advertise
« GemFire: Solving the hardest problems in data management | Main | Need for change in your IT infrastructure »
Wednesday
Oct282009

And the winner is: MySQL or Memcached or Tokyo Tyrant?

Matt, from the ever excellent MySQL Performance Blog, decided to run a test using a simple scenario drawn from his client experience in the gaming space. The scenario: read a row based on a primary key, update the row, write it to disk, and use the row to lookup another row. Matt ran three different tests explained in a series of three different articles: MySQL and MySQL + Memcached, Memcached Only, and Tokyo Tyrant.

The lovingly compiled details along with many cool graphs are in the articles, but in general the lessons learned are:

  • When memcached has enough memory (so records being accessed are in RAM), memcached + MySQL can provide a 10x performance boost over MySQL alone. When the RAM is too small and hot records, those being accessed a lot, aren't in RAM, or perhaps applications are doing a sequential scan of a table and the entire table isn't cached, then memcached won't be the big bang improvement you may be hoping for.
  • When the database is removed and memcached serves both reads and writes the result is a 2.5x more performance over MySQL + memcached and 100x over MySQL alone. Warning warning: as you read on the memcached email list a 1000 times, memcached is just a cache, not a persistent store, you will lose data, so don't try this at home.
  • Tokyo Tyrant is a disk based key-value store. Tyrant was nearly 2x faster than MySQL + memcached and about 20% slower than a memcached only solution. Keep in mind one concern about Tyrant is that it is not distributed, it's not a scale-out solution, so it will face sharding issues similar to MySQL. It also flushes data to disk periodically which leaves an open data loss hole and variable performance during syncs.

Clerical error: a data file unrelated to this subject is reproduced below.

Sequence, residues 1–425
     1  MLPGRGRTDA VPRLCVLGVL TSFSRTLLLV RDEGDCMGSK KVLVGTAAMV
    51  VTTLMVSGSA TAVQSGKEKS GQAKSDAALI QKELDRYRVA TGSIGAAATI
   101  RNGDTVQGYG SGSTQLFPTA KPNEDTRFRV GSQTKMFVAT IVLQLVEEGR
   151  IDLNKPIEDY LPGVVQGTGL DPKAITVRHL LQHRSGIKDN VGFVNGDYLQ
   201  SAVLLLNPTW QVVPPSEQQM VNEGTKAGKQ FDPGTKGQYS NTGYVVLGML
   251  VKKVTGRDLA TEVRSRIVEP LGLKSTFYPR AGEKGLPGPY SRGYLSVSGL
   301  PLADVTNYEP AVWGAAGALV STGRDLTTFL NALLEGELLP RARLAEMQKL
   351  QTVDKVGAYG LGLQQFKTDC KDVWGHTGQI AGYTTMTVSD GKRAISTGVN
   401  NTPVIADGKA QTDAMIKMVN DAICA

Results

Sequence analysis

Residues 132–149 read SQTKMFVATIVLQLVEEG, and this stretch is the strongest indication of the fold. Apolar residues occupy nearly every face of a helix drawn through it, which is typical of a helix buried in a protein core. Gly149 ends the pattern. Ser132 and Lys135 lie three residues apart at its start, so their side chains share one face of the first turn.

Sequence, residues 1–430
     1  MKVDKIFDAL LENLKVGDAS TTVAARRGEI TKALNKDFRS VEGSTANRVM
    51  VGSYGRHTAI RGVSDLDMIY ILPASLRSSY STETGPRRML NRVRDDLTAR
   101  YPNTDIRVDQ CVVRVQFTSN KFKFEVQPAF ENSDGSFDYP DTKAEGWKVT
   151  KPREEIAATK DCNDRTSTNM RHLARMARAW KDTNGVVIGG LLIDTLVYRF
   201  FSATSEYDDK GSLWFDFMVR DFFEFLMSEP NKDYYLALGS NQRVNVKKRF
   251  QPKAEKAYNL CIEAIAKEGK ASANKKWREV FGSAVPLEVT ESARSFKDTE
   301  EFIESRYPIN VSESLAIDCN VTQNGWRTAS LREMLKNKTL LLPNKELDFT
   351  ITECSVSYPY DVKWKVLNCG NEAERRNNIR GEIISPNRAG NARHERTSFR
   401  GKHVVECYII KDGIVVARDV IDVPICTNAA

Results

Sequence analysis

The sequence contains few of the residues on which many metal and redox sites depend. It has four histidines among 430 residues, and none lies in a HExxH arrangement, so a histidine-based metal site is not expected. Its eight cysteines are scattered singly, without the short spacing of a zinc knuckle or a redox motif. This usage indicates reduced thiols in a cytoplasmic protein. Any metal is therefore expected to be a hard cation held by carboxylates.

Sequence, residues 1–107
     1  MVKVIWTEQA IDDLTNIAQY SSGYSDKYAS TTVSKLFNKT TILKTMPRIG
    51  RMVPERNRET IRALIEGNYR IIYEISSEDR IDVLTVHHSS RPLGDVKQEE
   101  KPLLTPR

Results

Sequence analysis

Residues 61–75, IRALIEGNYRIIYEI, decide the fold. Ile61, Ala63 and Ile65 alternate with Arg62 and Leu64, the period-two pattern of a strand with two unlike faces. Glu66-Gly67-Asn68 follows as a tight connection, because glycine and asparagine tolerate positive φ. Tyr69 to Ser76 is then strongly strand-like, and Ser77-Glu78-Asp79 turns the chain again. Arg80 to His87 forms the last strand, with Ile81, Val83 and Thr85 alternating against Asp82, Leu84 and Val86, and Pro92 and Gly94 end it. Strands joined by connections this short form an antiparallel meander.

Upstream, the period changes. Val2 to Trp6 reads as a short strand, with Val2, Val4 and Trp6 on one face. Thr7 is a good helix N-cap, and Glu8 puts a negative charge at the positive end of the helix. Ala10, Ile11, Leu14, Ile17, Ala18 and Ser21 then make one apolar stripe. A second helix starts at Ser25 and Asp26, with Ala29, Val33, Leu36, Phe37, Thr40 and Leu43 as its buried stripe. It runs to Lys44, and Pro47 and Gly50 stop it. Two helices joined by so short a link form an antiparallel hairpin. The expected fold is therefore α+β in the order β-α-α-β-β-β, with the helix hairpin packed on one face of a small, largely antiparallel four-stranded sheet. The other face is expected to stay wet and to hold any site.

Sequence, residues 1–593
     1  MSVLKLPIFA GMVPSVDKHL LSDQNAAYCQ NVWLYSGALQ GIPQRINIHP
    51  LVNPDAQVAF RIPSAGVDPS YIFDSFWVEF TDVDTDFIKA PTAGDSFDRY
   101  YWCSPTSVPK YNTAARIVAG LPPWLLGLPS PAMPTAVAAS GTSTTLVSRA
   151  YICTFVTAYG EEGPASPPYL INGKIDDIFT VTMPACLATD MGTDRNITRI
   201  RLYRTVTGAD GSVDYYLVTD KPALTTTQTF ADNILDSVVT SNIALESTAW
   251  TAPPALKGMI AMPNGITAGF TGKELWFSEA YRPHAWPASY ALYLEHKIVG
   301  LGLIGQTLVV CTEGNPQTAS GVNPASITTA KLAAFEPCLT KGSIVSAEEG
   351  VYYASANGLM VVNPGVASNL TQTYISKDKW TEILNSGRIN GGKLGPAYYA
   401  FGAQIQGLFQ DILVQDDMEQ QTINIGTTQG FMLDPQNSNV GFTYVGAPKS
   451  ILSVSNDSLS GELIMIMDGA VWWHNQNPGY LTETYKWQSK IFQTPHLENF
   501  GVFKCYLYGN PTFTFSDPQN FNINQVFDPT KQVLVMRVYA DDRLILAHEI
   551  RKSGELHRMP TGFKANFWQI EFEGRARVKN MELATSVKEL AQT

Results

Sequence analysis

Matt is careful to say he is not trying to pick a winner. His purpose is to get you to take a look at your application and be open to which solution will work best for your particular problem. There are options out there now. Ask yourself: Is keeping data in the database really necessary? Or is there a different tool for the job that may work better than that trusty old hammer?

Related Articles

 

 

 

 

 

Reader Comments (4)

And Berkeley DB? Any essay?

October 28, 2009 | Unregistered Commenterfulvius

one thing that always seems to be left out is ram drives backing a mysql instance. I realize they are kind of cost prohibitive for a simple comparison, but it would nice to see how they perform.

October 28, 2009 | Unregistered CommenterRobert

Thanks for super concise comparison. Now I have an idea of the tools' performance ratio degree. Numbers as always rule!

Ruby rockstars like Ezra Zygmuntowicz praise http://code.google.com/p/redis/. Looks really good, healthy, and rapid-growing.

Personally I like all this NoSQL movement, but don't see any living replacement to relational model and RDBMSes, as strong from theoretical and practical standpoint. What we see are just different relatively simple solutions to different problems. No powerful query language, no standard protocol and model, no real solution to problems RDBMSes solve.

October 29, 2009 | Unregistered CommenterMurad

i suppose you try lightcloud, which can make tt/tc , redis, memcached distributed...

November 1, 2009 | Unregistered Commenterspacelee

PostPost a New Comment

Enter your information below to add a new comment.
Author Email (optional):
Author URL (optional):
Post:
 
Some HTML allowed: <a href="" title=""> <abbr title=""> <acronym title=""> <b> <blockquote cite=""> <code> <em> <i> <strike> <strong>